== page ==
His repositioning efforts – on race, on asset sales, on foreign policy, on Working for Families, and so endlessly on – reduced the size of both him and National as a target for Labour. His narrative was always a compelling one and while doubts remain let’s all wish John Key well and challenge him to be the best that he can be.

The minor parties were frozen out of this tepid campaign, again. It has been a mind-boggling feature of the networks' coverage of this campaign that unless it involved some contrived scandal or ‘End of Days’ blowing about a gross Maori Party-induced overhang, the minors have been effectively cut out of our campaign discourse.

Despite this disgrace the Greens have prospered. Green advertising was so effective that it prevailed over media neglect. In Russel Norman the Greens have the only individual who speaks, thinks and acts like a new generation leader, often to the discomfort of others. Its future is assured.

Not so for Winston Peters and New Zealand First. I will lament his loss and I suspect that the very media who have canned him will now court him. They still need him in the absence of any charisma elsewhere available.

Our campaign was conducted within the context of global economic insecurity. We have a new Prime-Minister-in-waiting who will need to apply his skills amidst much uncertainty. If Key has learned his history he will take us into his confidence and he will do what he says he will do. Once he has gained our trust his choices will expand.

Notwithstanding the economic situation we also have great challenges at home. One hopes that both main parties can put their intensely maladaptive partisanship to one side so that we might make better progress. In this difficult situation the people need confidence that our political leaders can rise above their narrow political self-interest.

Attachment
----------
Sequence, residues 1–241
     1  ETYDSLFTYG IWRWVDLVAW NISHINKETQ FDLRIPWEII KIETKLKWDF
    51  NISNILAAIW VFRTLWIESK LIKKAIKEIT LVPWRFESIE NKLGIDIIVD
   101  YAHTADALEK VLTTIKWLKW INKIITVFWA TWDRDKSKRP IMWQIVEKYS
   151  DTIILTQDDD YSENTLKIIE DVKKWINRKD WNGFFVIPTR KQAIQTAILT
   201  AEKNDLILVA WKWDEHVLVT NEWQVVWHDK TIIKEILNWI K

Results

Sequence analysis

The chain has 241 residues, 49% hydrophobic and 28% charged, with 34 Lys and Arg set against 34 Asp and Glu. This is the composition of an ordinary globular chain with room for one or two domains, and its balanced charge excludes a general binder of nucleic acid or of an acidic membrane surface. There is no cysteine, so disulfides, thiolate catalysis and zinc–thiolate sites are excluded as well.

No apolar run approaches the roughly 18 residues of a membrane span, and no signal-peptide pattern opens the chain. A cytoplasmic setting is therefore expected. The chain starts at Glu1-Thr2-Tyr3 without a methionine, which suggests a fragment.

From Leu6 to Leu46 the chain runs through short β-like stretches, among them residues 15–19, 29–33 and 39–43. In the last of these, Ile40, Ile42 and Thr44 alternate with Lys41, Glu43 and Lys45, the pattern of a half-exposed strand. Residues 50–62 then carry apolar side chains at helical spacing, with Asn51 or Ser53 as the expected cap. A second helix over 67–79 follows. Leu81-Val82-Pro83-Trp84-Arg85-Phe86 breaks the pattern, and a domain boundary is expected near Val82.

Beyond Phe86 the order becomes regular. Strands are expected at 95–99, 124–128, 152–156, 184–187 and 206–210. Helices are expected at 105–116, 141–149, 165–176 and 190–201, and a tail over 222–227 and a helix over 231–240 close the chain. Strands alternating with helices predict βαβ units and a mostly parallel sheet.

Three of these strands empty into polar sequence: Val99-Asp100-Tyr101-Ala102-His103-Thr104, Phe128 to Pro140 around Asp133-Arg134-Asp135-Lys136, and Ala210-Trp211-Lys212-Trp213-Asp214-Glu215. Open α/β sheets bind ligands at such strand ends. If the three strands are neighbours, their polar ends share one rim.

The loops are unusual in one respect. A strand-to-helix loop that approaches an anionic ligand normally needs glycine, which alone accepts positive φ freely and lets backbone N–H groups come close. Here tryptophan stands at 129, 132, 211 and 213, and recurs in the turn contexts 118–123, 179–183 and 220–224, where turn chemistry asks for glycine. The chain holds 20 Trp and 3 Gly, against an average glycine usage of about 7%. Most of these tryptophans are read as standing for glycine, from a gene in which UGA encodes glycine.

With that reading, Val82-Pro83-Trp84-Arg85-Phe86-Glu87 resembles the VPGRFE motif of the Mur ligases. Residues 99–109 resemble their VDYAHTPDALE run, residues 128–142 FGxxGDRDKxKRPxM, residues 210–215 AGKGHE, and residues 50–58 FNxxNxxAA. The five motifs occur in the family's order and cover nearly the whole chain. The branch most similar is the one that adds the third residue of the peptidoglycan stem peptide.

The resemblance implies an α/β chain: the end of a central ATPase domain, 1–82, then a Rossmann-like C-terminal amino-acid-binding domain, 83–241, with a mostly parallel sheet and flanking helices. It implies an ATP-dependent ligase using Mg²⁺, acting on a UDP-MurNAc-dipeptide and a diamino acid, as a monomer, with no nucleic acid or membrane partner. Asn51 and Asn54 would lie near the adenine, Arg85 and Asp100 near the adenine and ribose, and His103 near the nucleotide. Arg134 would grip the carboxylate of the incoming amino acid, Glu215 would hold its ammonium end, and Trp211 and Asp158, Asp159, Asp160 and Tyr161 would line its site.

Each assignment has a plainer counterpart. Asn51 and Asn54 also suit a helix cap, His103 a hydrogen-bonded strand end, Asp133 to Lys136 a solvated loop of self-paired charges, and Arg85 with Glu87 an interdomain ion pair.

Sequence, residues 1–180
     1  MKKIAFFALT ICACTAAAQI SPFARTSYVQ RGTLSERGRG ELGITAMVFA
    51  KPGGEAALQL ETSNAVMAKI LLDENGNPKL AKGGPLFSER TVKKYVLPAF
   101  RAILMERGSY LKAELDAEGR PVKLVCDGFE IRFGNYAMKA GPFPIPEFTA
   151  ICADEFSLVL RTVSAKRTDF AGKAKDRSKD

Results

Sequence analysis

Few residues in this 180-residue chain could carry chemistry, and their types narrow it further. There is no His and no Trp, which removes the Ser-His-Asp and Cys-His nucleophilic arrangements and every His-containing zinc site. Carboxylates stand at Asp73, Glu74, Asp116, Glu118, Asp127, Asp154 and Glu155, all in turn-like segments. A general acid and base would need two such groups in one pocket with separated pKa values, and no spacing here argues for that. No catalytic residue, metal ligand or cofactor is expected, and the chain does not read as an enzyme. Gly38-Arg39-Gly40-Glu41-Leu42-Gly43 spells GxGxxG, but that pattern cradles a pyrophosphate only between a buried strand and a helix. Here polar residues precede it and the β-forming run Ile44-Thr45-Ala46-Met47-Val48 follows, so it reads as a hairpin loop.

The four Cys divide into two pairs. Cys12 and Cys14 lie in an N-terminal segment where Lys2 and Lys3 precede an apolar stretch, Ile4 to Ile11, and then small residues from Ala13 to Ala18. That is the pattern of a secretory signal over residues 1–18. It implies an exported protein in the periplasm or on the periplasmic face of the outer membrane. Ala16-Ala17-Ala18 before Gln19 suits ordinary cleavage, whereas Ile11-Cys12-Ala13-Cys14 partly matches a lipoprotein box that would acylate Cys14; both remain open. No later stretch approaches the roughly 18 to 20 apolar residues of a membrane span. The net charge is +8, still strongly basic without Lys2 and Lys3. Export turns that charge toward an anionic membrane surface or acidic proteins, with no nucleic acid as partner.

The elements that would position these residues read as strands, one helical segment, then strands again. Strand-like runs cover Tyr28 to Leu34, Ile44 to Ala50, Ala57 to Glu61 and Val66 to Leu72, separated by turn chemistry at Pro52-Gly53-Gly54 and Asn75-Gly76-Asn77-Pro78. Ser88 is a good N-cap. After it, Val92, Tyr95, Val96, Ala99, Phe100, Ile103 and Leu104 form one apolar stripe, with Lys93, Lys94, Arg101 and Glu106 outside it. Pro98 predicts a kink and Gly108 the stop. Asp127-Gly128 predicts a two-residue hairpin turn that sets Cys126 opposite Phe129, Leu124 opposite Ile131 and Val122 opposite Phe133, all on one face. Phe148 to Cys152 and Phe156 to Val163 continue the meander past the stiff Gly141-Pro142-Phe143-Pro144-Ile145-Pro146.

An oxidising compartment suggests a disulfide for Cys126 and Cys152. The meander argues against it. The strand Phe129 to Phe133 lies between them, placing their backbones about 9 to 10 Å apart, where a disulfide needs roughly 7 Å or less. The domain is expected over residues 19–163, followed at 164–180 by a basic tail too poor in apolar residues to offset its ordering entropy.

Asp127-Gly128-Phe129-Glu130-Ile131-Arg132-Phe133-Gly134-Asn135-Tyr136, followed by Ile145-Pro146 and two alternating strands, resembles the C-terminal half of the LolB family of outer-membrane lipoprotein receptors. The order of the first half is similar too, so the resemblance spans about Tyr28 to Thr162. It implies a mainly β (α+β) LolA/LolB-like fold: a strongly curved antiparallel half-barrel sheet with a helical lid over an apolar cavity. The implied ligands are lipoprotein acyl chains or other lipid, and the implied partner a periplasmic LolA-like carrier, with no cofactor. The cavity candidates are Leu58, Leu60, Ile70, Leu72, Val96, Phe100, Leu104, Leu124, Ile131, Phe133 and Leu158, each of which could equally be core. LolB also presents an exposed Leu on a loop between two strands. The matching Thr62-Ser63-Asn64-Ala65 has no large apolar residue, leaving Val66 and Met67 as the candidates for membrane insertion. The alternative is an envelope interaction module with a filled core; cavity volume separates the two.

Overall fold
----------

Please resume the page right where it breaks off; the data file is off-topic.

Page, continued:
I said a few nights ago on TV3 that the peaceful circulation of elites is a wondrous reminder of the strength of our democracy. I hope Kiwis everywhere celebrated our freedom to choose yesterday. But given the low quality of political discourse during the campaign; given the difficult times ahead of us; and given the uninspiring leadership on offer, I already feel the first pangs of a post-election hangover."

Postscipt: For me the standout moment of the night was Helen Clark's gracious and truly brilliant decision to step down as leader. As a leadership scholar, a leader's exit is the crucial final piece of the jigsaw about the nature of their ambition and whether it has been corrupted or not. In one stroke Clark has shored up her legacy. She has been a grand dame and I salute her.

Comments (8)

by Graeme Edgeler on November 10, 2008
Graeme Edgeler

the Auditor-General’s strange obsession with one aspect of campaign spending at the exclusion of all others

Well, he doesn't have responsibility for a whole bunch of areas (he couldn't look at the Brethren etc.), and there are good reasons why he'd limit his work to that advertising spending only.